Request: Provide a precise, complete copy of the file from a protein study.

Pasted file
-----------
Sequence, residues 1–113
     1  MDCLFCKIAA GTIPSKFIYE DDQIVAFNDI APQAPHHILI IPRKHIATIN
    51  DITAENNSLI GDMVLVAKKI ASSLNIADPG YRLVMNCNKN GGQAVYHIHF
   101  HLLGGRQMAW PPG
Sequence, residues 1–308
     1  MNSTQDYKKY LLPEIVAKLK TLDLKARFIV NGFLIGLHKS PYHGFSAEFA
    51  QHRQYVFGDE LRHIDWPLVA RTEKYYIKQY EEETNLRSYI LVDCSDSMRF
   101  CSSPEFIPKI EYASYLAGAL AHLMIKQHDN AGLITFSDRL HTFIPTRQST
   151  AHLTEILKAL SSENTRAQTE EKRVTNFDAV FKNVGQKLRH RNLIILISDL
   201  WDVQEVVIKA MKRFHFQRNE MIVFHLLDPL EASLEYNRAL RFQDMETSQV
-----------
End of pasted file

Sequence, residues 1–113
     1  MDCLFCKIAA GTIPSKFIYE DDQIVAFNDI APQAPHHILI IPRKHIATIN
    51  DITAENNSLI GDMVLVAKKI ASSLNIADPG YRLVMNCNKN GGQAVYHIHF
   101  HLLGGRQMAW PPG
Sequence, residues 1–308
     1  MNSTQDYKKY LLPEIVAKLK TLDLKARFIV NGFLIGLHKS PYHGFSAEFA
    51  QHRQYVFGDE LRHIDWPLVA RTEKYYIKQY EEETNLRSYI LVDCSDSMRF
   101  CSSPEFIPKI EYASYLAGAL AHLMIKQHDN AGLITFSDRL HTFIPTRQST
   151  AHLTEILKAL SSENTRAQTE EKRVTNFDAV FKNVGQKLRH RNLIILISDL
   201  WDVQEVVIKA MKRFHFQRNE MIVFHLLDPL EASLEYNRAL RFQDMETSQV